Ken Livingstone, former mayor of London and Member of Parliament for Brent East, photographed in a London Studio during a promotion tour for his new book about London "Ken's London" Kenneth Robert Livingstone (born 17 June 1945) is an English politician who served as the Leader of the Greater London Council (GLC) from 1981 until the council was abolished in 1986, and as Mayor of London from the creation of the office in 2000 until 2008. He also served as the Member of Parliament (MP) for Brent East from 1987 to 2001. A former member of the Labour Party, he was on the party's hard left, ideologically identifying as a democratic socialist.
Born in Lambeth, South London, to a working-class family, Livingstone joined Labour in 1968 and was elected to represent Norwood at the GLC in 1973, Hackney North and Stoke Newington in 1977, and Paddington in 1981. That year, Labour representatives on the GLC elected him as the council's leader. Attempting to reduce London Underground fares, his plans were challenged in court and declared unlawful; more successful were his schemes to benefit women and underprivileged minorities, despite stiff opposition. The mainstream media gave him the moniker "Red Ken" in reference to his socialist beliefs and heavily criticised him for supporting controversial issues like republicanism, LGBT rights, and a United Ireland. Livingstone was a vocal opponent of the Conservative Party government of Prime Minister Margaret Thatcher, which in 1986 abolished the GLC. Elected as MP for Brent East in 1987, he became closely associated with anti-racist campaigns. He unsuccessfully stood for Labour Party leader on a leftist platform in 1992 and 1994, in the latter losing to Tony Blair. Livingstone became a vocal critic of Blair's New Labour project that pushed the party to the centre and won the 1997 general election.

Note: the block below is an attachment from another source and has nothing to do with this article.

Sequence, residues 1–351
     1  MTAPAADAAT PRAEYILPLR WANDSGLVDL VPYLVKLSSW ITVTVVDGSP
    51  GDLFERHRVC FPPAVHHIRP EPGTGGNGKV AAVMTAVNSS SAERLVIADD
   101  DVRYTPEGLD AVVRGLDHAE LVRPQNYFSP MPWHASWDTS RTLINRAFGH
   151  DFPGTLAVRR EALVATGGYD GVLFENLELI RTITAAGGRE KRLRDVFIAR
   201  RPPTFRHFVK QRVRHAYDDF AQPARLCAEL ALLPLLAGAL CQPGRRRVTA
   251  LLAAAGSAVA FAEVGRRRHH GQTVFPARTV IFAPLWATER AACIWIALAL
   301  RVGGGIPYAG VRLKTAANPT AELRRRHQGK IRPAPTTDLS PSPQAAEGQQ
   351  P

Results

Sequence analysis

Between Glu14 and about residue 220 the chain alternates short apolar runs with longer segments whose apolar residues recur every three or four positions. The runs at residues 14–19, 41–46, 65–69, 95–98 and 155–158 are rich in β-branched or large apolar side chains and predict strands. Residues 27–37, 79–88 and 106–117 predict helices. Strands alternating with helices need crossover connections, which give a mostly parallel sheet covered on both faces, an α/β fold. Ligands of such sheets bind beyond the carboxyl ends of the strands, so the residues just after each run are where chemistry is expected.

After failing to become Labour's candidate in the 2000 London mayoral election, Livingstone successfully contested the election as